If you listened to the money episode of the podcast, you’ll know that having a budget can help relieve a lot of stress in a relationship and herd off future arguments. Creating a family budget can help get your family on the same page. You’ll be more likely to value your money and make more intentional decisions with how it’s spent (or saved).
The hubs and I don’t have a strict family budget. I do keep track of saving for specific family goals (using the Qapital app) and we’ve allocated who pays what bills. Because we manage our own money separately there hasn’t been much of a need to have a joint budget. We do talk about where our money goes and things we may want to purchase in the future. If you think a family budget would work for you, here’s how to get started on the right foot.
Pick Your Budgeting Method
Whether it’s old school pencil and paper or an app, find something you’re comfortable with. You’ll want something that allows you to easily track your income, expenses, and spending. If you’re creating a family budget, find something you and your partner will have access to. Download the FREE budget planner as a starting place. I personally use YNAB (You Need A Budget) to track my income and spending. It allows me to set budget amounts for specific categories, make adjustments and links directly to my bank accounts to track transactions.
Stokely isn’t old enough to do chores yet, but when he is, he’ll work for his money. Growing up, I had a chore chart. When I was old enough for an allowance, it was based on the chores I was doing around the house. It’s important to instill money values into kids when their young. Working for their own money teaches them that that’s how the world works. We don’t get money unless we go to work. We don’t buy things unless we save for them. Teach them young and they’ll grow into adults that understand the value of money.
Make savings goals together and keep track of the progress
The hubs and I use the Qapital app to create joint savings goals like our trip to Barcelona next year or new living room furniture. I love the app because I’ll get a notice when I’ve reached a certain percentage of the savings goal (with fireworks too!) and it’s easy to see how much we have left before we reach our goal. When we hit a goal in the app, I transfer the money to a high-interest savings account until it’s time to spend it (because I don’t want to lose the interest money by keeping it in the Qapital account).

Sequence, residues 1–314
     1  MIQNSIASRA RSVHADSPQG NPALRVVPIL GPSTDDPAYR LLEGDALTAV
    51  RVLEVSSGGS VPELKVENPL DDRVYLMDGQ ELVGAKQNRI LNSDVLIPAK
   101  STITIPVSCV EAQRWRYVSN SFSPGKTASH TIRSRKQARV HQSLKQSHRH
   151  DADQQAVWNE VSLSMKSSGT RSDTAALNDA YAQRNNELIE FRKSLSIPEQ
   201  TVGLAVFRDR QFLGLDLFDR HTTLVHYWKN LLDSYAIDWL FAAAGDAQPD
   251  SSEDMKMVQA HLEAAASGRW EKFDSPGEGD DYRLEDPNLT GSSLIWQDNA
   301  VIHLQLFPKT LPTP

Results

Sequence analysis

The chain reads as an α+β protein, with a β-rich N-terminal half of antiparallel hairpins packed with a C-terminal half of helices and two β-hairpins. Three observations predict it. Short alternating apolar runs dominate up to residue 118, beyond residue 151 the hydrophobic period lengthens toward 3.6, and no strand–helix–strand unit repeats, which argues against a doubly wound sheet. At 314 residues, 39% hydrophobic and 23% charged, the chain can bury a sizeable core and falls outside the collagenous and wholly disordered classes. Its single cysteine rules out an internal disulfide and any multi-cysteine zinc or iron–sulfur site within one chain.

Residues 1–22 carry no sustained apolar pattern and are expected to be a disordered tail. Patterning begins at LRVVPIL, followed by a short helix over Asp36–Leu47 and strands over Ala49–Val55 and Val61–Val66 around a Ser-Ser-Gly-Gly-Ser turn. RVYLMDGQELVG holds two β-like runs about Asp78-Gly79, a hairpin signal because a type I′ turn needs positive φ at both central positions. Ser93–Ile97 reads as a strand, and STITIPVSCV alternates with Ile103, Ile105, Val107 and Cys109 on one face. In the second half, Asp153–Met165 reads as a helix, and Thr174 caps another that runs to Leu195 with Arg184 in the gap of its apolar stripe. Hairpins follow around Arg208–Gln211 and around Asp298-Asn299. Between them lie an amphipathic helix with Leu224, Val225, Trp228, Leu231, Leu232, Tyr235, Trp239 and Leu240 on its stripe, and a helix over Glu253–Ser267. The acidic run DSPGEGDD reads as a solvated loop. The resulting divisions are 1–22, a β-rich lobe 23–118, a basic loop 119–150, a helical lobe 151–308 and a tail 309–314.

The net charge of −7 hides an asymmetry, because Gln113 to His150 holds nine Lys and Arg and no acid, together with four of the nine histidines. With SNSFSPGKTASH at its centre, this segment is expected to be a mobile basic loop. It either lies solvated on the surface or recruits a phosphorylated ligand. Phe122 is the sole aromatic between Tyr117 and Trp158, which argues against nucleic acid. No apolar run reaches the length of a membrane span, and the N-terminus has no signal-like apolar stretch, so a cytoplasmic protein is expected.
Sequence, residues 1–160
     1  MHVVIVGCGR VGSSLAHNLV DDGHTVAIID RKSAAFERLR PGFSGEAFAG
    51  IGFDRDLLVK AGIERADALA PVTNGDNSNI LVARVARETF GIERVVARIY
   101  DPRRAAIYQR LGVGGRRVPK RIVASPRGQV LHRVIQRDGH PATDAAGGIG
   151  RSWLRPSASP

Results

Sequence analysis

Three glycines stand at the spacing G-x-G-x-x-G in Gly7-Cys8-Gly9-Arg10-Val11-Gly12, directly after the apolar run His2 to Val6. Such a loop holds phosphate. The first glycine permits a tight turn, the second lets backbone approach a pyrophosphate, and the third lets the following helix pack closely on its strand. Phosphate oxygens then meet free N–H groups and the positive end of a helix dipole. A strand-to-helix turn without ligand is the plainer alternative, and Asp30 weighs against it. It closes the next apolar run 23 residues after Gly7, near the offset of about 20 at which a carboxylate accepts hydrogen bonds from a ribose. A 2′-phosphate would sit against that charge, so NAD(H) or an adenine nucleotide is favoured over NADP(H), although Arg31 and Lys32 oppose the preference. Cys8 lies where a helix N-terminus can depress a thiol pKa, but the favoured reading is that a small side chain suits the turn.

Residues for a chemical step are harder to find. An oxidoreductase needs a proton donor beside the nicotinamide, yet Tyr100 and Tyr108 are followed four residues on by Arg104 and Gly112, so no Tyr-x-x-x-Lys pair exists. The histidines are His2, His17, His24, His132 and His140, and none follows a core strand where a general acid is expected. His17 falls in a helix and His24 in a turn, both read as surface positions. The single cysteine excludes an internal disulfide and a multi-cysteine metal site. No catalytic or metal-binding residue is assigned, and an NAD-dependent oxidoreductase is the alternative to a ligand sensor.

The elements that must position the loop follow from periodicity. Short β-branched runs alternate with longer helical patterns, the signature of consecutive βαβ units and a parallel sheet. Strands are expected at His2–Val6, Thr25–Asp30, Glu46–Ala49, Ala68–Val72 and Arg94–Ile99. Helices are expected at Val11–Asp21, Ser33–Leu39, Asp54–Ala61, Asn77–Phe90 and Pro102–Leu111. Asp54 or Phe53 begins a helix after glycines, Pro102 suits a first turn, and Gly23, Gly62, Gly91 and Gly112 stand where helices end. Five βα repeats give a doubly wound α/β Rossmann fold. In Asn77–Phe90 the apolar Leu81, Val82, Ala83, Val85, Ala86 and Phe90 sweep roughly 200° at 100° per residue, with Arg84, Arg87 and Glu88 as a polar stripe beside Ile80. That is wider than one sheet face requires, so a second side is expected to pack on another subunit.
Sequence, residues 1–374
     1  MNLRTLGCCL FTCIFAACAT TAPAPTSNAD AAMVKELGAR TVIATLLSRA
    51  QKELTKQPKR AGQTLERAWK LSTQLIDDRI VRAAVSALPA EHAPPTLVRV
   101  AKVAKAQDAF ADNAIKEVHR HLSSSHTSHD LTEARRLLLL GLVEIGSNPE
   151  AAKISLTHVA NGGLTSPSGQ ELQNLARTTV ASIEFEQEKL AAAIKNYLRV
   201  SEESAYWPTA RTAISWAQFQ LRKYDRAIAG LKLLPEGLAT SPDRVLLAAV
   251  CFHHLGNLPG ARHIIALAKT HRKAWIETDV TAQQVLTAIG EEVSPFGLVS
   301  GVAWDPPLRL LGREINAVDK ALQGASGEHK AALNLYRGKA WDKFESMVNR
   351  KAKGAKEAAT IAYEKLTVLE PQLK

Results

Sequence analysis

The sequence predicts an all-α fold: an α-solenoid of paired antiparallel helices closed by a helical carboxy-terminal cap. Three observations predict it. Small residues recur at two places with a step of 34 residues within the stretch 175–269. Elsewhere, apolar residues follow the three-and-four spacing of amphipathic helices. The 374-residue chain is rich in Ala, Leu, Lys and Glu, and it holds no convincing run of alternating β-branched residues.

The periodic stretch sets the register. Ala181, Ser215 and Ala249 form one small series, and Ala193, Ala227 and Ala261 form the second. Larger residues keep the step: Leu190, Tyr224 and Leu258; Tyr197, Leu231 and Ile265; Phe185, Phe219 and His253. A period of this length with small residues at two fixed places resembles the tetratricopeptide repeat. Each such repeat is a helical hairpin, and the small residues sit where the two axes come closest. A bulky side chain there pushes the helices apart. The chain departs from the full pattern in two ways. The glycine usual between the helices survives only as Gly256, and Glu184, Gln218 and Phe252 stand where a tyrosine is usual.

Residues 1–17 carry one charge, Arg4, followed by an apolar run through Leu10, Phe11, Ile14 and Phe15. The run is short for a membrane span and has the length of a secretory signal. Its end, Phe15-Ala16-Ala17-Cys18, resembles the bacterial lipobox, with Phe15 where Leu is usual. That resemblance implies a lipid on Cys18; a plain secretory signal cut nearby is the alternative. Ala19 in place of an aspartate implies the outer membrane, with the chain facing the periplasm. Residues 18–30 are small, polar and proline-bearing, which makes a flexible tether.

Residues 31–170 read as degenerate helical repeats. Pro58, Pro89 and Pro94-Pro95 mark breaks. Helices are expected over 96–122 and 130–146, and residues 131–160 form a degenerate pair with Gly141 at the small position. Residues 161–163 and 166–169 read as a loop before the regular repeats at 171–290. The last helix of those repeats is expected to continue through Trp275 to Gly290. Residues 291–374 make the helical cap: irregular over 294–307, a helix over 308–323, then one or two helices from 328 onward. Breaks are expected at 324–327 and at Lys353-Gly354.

You can even bring kids into it by saving for those extracurricular they might want to partake in. Make sure you explain to them the differences between wants and needs – things that have to get paid for first, like food and housing, before money can be spent on the fun stuff. And then help them create a savings goal for something they are interested in. They’ll get way more joy out of paying for something they worked hard to earn and were dedicated to saving for.
Talk about your budget frequently
Because I manage most of our finances the hubs and I don’t do this too often but it’s important to sit down and talk about where your money is coming in from and where it’s going. Most financial folks will suggest at least monthly. Look at what went well over the month, where the challenges were, and how to re-correct for the next month. This is actually something that’s great to do with kids so they can have a better understand of what happens to “all that money you get paid” over the month.
Get serious about paying off debt
Us “millennials” (or folks between the ages of around 24-39ish) have the highest debt in the history of this country, with student loans being a huge factor for many of us. And unless the next President manages to forgive all that debt, we’ll be paying them off for a while. Sometimes looking at how much debt we actually have can make us want to pretend it doesn’t even exist, but turning a blind eye is only setting your future self up for the struggle bus. The best way is to pay them off from smallest to largest. Give yourself those wins so you’ll feel motivated to keep going.
Talk about money
If you read last week’s post, I’m all about having conversations about money with your partner. And it’s even more important to talk about it with your kids. I’m 100% sure that my ability to manage money comes from my mom showing me her checkbook every two weeks and showing me where money went. You’ll be setting your kids up for a lifetime of success if you’re able to help them see the value of money and the pitfalls that can happen when you spend more than you have.